Raw, utilitarian, stripped down, cool — these are just some of the words that come to mind when talking about industrial interior design. Popular in commercial areas like café-slash-restaurants and flexible event venues that can turn into art galleries or speakeasies, industrial design style is mainly focused on utility and versatility. In their simplicity and adaptability, industrial styled interiors are logical in almost any space.
For the home, industrial interior design manifests itself in the form of the contradiction between the coolness of hard metals and concrete structures, and the warmth and comfort of softer seating and natural light. In order to make an industrial style abode feel less like a run-down factory and more like a personal oasis in the middle of the city, designers and decorators have to master the harmony of strong materials, cozy furnishings, and unique personal touches.
If you have a penchant for the industrial, take a leap and begin designing your home with materiality and character in mind. Read through this simple guide to get you started, and furnish a space that's sure to attract deserved praise and awe.
Expose what others may want to conceal.
The idea of "unfinished" interiors is characteristic of an industrial design style. Pipes and ducts which are typically concealed in new builds are deemed stylish when you think of warehouse design. Walls are left bare and floors are left unpolished, or they are treated as minimally as possible. Lighting fixtures, for example, use Edison style light bulbs that expose the wirings inside the open scale cages.
Industrial interior design is all about emphasizing the beauty found in constructing spaces, hence the inclination to leaving much of the space untouched and raw. The skeleton of the building — beams, vents, and stiles — almost serves as art in a way, especially since an industrial style interior focuses more on the build itself rather than the decorations that embellish it.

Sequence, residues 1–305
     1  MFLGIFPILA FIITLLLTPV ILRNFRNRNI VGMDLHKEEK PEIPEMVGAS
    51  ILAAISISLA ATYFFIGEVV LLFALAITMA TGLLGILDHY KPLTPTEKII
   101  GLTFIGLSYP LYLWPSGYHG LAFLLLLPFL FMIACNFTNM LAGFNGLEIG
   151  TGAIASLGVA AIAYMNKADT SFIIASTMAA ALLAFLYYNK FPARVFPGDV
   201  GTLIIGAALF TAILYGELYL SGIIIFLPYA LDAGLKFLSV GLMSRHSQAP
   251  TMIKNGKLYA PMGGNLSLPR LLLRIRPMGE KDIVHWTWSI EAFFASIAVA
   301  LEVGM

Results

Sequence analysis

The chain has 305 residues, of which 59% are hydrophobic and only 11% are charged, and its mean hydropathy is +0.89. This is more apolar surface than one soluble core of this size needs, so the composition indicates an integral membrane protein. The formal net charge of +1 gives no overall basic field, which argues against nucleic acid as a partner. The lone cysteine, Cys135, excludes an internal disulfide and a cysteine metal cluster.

In terms of color palettes, it's expected that in a utilitarian, contemporary design like industrial style, neutrals and muted hues work best. Highlighting the materials that make up an abode connotes that colors are present in order to draw more emphasis to the structure. Woods and metals are able to stand out in a sea of whites and blacks. And if "bolder" colors must be used, industrial style designers and decorators often opt for darker greens and and burnt oranges versus anything that's bright and saturated. Brick reds and brown-heavy yellows are also a preferred choice for accent hues.
It must be said that while industrial style interiors seem unrefined and almost effortless in execution, there is actually a lot of thought and craft that go into every design decision. More often than not, it's the simplest designs that require painstaking work to pull off and perfect in order to create impact. There's an art to showcasing the natural beauty of materials and structures without falling trap to a disordered and unkempt space.